A Spanish 'Encyglobedia'

This combination globe-planetarium-encyclopaedia for children is just one of a handful made between 1899 and 1902 by Benjamín Tena, a landowner and amateur astronomer, in Villafranca del Cid, near Valencia.

Image 1 10-inch terrestrial globe, containing orrery, late 19th century, Spanish. Image © the Whipple Museum (Wh.5892)
Detail on Spainish globe
Image 2 Detail of Spanish Globe. Image © the Whipple Museum (Wh.5892).
Spainish globe in gallery
Image 3 The globe on display.Image © the Whipple Museum (Wh.5892).

It may look like a normal globe, but the entire northern hemisphere lifts off to reveal a miniature planetarium. Inside is a children's encyclopaedia of astronomy and natural history. This arrangement is unique. Its existence is especially curious since hardly any globes were made in Spain before the mid-twentieth century. Making a globe like this would have been technically very complex: apart from the geared mechanism in the planetarium, the sphere would have to be moulded in pasteboard; and the gores (map segments) painstakingly and precisely printed in a multi-stage process of chromolithography. Even pasting the gores onto the sphere was a fiddly task. All in all, it is surprising that such an object was made in a country where there was no previous tradition or expertise of globe-making. Its creator has recently been identified as Benjamín Tena, a self-educated individual who made a few globes in collaboration with an established printing firm. Some were sold in Valencia, while others were kept by Tena and his descendants.

International networks

International trade expanded hugely in the late nineteenth century. Besides the more famous trades in products such as tea or furs, there was flourishing intra-European trade in scientific instruments and educational products. While the planetarium is unique, the outside of the globe is fascinatingly similar to products made in Germany and Austria-Hungary around this time. And inside the globe we find printed images copied from French popular science books by Camille Flammarion and Louis Figuier - the Brian Cox and David Attenborough of their day. Their lavishly illustrated books were specifically aimed at children and were worldwide bestsellers. They have profoundly influenced our mental images of space and the prehistoric world. The presence of their pictures inside the globe illustrates how their influence spread.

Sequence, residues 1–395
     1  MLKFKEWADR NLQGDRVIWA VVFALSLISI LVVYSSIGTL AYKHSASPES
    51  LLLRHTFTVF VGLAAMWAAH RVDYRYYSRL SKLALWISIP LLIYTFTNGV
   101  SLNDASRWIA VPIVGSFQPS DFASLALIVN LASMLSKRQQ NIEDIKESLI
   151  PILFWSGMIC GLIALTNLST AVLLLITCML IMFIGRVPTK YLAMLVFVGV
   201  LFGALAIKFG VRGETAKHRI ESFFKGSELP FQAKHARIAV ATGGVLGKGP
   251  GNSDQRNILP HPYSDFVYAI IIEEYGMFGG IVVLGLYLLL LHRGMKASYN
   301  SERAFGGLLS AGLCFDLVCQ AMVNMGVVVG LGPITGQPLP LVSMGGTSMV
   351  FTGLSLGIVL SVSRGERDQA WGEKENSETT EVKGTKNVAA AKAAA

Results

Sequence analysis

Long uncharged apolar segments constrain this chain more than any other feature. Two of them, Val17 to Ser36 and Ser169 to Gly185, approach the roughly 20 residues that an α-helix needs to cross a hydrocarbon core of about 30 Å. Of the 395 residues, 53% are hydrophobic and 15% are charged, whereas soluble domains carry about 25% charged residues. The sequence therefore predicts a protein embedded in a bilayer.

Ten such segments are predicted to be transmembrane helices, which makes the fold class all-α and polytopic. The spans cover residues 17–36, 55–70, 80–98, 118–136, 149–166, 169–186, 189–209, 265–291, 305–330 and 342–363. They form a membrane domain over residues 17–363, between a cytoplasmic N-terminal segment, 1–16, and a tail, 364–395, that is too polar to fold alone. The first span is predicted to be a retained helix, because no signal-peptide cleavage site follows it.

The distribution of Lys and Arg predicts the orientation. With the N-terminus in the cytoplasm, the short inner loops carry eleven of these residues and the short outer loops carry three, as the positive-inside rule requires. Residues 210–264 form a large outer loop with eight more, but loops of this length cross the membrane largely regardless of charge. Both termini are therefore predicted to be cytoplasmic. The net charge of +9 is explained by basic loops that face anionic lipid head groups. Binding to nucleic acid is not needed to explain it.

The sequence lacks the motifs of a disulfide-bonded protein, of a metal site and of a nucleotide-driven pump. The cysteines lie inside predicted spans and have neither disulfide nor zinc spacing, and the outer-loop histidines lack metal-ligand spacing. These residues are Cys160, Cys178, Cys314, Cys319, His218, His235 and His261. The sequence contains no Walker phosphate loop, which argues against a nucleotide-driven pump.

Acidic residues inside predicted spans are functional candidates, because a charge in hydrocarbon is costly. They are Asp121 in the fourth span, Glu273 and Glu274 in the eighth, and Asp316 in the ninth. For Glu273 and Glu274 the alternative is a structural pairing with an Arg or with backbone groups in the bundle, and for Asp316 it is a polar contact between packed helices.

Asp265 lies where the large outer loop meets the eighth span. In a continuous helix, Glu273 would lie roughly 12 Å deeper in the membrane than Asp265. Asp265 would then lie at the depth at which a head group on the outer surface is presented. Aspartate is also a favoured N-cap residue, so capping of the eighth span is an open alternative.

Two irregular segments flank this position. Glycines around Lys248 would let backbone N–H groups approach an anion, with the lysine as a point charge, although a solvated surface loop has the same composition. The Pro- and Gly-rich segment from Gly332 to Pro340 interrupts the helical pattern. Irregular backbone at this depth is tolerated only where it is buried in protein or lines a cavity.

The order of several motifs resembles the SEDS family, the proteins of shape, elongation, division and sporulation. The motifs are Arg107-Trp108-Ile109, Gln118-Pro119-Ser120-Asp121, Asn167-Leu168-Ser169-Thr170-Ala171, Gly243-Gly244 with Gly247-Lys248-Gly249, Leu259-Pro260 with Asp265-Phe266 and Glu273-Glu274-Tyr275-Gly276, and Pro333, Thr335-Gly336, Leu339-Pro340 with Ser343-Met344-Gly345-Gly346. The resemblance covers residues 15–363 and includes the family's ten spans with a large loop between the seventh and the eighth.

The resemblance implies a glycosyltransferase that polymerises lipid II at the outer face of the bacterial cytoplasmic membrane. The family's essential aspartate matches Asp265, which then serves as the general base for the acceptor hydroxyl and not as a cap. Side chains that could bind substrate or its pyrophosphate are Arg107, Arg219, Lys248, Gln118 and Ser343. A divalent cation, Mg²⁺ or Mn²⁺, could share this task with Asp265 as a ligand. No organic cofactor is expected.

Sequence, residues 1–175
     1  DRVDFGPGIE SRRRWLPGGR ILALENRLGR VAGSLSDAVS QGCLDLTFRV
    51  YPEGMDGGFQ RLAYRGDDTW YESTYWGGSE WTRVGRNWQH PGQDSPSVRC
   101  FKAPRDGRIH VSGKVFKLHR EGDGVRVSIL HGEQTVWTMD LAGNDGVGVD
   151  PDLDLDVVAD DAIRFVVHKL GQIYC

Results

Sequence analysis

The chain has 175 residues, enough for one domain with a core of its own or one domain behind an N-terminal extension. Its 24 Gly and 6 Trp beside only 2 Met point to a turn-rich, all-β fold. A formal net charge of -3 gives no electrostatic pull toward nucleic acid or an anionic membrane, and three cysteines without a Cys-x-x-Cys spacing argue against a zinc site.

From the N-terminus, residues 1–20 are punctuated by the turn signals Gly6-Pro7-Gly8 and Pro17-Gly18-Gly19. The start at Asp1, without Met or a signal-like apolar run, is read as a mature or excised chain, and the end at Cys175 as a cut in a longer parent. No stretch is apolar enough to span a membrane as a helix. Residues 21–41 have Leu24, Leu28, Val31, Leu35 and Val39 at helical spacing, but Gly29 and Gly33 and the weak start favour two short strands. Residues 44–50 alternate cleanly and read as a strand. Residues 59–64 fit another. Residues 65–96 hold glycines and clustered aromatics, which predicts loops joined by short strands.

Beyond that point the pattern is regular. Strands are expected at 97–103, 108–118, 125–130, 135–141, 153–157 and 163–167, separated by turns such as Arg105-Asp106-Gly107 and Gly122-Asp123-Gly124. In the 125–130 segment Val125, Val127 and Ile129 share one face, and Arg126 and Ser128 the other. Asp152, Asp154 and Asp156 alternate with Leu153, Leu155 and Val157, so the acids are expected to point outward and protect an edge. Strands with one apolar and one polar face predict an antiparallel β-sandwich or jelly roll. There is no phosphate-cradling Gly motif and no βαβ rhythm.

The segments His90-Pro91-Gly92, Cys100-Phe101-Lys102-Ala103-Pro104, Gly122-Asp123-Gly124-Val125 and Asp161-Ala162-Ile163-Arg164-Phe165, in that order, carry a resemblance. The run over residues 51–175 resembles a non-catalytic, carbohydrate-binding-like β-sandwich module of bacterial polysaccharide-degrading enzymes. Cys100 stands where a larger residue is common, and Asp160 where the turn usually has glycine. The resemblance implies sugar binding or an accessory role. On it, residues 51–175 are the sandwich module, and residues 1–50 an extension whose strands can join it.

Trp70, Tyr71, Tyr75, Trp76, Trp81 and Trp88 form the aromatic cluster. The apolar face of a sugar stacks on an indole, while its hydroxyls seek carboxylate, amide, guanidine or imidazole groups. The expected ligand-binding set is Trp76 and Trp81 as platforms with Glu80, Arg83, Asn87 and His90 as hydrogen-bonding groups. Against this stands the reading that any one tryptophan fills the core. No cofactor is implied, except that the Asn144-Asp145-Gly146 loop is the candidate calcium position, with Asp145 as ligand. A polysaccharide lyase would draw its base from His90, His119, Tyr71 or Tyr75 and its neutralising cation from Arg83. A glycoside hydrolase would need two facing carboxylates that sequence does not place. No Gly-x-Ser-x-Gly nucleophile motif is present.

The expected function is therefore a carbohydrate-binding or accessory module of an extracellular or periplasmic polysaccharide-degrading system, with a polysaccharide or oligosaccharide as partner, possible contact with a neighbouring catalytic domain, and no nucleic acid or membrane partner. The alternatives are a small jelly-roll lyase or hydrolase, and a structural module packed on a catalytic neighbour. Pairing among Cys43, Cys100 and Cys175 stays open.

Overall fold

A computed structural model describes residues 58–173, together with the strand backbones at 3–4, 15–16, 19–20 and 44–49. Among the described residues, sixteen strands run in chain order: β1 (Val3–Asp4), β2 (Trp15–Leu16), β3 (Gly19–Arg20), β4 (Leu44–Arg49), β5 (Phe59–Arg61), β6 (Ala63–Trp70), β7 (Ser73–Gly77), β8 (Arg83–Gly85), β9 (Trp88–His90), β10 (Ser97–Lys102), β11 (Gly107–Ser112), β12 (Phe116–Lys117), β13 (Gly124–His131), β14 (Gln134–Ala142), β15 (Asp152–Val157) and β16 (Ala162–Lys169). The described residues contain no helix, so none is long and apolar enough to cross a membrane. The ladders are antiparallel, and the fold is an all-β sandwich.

A well-rounded education

We can't know precisely how much this globe cost, but pricelists from central Europe suggest that it could have been an expensive toy for the child of wealthy parents. What is more likely, though, is that it was bought for a school classroom. Education in Spain changed hugely in the late nineteenth century: thousands of schools were built, and an entirely new teaching philosophy was introduced. Children were encouraged to learn through play and experimentation; new industries sprang up first to import and later to produce the equipment necessary for this. In the hyper-stimulated twentieth century it may be difficult to imagine the thrill of playing with such a colourful, interactive learning aid, but its wear and tear shows that this was a much loved toy. On one of the planets in the planetarium a child has written "SOLO". Its meaning is not clear - the child may have confused the planet with the sun - but it reminds us that these museum objects retain many mysteries.

Sebastian Falk

Sebastian Falk, 'A Spanish 'Encyglobedia'', Explore Whipple Collections, Whipple Museum of the History of Science, University of Cambridge, 2014 [http://www.hps.cam.ac.uk/whipple/explore/globes/aspanishencyglobedia/, accessed 25 November 2017]

 
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